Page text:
Melikhaya Mandulo, Cata chairperson for Masiphumelele, said they were trying to stop a brewing fight between them and those who were "taking their jobs". Picture: Oupa Mokoena/African News Agency(ANA)
Melikhaya Mandulo, Cata chairperson for Masiphumelele, said they were trying to stop a brewing fight between them and those who were "taking their jobs". Picture: Oupa Mokoena/African News Agency(ANA)

Don’t use illegal operators, taxi group warns Masiphumelele community

By Sisonke Mlamla Time of article published Mar 11, 2021

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Cape Town - The Cape Amalgamated Taxi Association (Cata) has warned the Masiphumelele community to stop using non-taxi alliance transportation.

In a letter issued yesterday, the association said it had come to an agreement at a meeting held on Tuesday that no more other transport would be allowed to transport people from Masiphumelele without an operating licence.

"Only school transport transporting children is allowed to operate with no overload, and that only applies to school children under the age of 12 years."

Melikhaya Mandulo, Cata chairperson for Masiphumelele, said they were trying to stop a brewing fight between them and those who were "taking their jobs".

Mandulo said they had noted more e-hailing and private taxi shuttle drivers and people without permits transporting people in the area.

Cata's letter comes a few days after the Congress of Democratic Taxi Associations (Codeta) retracted a threatening statement it made to e-hailing and private taxi shuttle drivers transporting workers late at night that they may not operate along their routes.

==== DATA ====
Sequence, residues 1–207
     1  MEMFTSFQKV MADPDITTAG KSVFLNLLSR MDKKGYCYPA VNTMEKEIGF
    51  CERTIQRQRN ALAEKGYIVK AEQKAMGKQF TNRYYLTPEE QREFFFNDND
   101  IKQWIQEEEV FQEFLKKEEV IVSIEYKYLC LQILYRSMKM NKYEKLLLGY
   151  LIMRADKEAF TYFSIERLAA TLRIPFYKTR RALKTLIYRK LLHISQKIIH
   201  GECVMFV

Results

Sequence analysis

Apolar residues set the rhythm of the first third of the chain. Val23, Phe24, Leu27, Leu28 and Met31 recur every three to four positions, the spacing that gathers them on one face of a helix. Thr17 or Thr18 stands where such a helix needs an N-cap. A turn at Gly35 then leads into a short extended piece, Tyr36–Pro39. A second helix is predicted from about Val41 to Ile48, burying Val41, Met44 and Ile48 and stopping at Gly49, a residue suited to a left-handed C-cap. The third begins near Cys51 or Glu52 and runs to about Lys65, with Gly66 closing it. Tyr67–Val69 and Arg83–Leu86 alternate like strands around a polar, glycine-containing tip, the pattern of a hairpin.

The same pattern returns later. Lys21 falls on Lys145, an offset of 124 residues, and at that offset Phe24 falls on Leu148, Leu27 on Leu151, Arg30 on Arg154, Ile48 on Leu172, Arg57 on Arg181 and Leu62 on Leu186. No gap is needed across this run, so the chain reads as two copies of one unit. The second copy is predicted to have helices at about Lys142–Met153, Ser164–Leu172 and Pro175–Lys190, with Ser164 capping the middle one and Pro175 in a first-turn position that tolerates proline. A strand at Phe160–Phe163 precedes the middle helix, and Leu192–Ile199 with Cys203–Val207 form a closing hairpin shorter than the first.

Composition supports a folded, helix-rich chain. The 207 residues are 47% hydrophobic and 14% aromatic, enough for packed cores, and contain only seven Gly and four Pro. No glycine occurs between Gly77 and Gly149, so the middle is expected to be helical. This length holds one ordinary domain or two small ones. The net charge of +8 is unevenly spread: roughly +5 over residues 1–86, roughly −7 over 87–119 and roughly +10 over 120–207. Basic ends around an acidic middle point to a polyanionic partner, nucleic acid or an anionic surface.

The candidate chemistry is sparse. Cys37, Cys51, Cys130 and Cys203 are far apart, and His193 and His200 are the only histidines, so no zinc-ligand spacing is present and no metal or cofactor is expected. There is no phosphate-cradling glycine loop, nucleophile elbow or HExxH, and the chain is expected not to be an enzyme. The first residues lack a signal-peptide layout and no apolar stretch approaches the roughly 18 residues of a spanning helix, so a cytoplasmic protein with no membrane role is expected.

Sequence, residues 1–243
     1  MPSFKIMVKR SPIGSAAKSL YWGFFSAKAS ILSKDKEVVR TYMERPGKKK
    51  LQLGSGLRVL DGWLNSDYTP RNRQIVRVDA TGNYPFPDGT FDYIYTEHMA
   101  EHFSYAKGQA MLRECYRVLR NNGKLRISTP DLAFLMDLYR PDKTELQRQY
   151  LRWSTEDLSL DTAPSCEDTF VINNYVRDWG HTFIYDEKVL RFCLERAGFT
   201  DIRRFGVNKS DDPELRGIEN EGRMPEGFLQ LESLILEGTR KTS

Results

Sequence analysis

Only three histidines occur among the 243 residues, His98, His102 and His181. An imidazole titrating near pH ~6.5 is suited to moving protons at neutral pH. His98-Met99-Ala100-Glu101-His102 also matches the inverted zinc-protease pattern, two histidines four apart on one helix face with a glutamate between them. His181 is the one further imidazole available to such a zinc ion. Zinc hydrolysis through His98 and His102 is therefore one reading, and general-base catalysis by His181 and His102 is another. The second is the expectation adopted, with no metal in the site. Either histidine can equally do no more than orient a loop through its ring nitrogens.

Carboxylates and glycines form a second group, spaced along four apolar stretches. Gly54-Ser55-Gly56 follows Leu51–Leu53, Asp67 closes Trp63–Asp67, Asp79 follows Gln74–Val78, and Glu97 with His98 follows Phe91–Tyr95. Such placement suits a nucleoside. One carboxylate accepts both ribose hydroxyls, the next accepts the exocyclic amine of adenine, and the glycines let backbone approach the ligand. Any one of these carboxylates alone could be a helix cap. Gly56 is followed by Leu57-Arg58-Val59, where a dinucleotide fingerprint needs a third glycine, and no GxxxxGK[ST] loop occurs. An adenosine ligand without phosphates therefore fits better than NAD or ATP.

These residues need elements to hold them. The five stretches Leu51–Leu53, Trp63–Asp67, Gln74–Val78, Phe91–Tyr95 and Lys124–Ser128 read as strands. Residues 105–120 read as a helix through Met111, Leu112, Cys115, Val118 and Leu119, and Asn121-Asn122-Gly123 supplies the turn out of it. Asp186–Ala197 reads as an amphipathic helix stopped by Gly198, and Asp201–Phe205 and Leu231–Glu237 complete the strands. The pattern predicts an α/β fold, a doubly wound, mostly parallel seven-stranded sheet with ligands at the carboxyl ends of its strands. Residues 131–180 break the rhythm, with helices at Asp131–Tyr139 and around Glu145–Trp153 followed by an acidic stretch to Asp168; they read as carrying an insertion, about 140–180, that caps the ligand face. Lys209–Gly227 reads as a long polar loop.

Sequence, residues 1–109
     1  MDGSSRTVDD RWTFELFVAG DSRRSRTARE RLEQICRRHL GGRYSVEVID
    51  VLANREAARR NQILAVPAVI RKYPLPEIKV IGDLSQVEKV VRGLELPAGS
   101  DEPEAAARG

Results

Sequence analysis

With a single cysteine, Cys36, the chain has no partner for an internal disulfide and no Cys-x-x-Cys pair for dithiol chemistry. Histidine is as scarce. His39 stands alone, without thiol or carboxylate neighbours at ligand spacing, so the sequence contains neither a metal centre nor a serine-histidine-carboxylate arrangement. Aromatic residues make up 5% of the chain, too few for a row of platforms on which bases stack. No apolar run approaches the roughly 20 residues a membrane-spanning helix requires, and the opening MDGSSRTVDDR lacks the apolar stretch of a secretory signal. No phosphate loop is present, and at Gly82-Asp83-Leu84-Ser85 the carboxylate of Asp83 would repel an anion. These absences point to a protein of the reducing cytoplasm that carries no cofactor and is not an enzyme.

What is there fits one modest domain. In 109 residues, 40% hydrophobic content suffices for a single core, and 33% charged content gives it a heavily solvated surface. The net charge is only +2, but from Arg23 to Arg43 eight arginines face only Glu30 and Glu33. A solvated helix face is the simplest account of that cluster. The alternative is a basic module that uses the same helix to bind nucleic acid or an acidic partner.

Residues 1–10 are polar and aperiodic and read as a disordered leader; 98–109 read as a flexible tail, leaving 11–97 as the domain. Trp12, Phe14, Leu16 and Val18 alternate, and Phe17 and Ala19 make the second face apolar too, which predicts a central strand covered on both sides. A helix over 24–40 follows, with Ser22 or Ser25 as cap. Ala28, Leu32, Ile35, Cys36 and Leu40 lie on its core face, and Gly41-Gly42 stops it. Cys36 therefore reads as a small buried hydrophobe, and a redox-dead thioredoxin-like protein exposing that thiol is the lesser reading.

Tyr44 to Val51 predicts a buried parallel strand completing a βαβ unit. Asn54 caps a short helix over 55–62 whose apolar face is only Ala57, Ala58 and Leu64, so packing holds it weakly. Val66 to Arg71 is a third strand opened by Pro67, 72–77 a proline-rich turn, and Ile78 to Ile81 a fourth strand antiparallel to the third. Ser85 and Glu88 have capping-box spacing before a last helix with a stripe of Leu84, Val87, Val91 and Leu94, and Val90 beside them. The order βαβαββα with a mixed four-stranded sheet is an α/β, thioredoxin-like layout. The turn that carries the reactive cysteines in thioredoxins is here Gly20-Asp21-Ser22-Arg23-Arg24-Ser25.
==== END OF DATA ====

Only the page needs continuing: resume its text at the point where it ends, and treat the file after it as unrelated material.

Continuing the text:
Issued letter

Cata provincial secretary Mandla Hermanus said that, as the regional structure, they had not been consulted by the association concerned.

"The regional executive will engage the association to get an understanding on what has led to this decision," said Hermanus.

He said if the association was able to identify people who were operating illegally on their routes, a way had to be found to alert the relevant authorities, who must act against those operating illegally.

Hermanus said illegal operations like this were contributing to taxi violence in the province.

SA National Taxi Council (Santaco) provincial spokesperson Gershon Geyer said the taxi council did not encourage their members to take the law into their own hands.

Geyer said the issue was not discussed with them by the mentioned region and association. "In respect of the letter it came to our attention that illegal operations from other modes are on the increase in our members’ areas of operations and we want to appeal to law enforcement to clamp down with the same vigour as they do with the minibus industry."

Transport and Public Works MEC Bonginkosi Madikizela’s spokesperson Ntomboxolo Makoba-Somdaka said Madikizela was angry about the letter, and immediately contacted the leaders of the taxi industry.

Makoba-Somdaka said the leadership assured him that the matter would be at the top of the agenda of their regional meeting that was expected to take place yesterday.

Cape Argus

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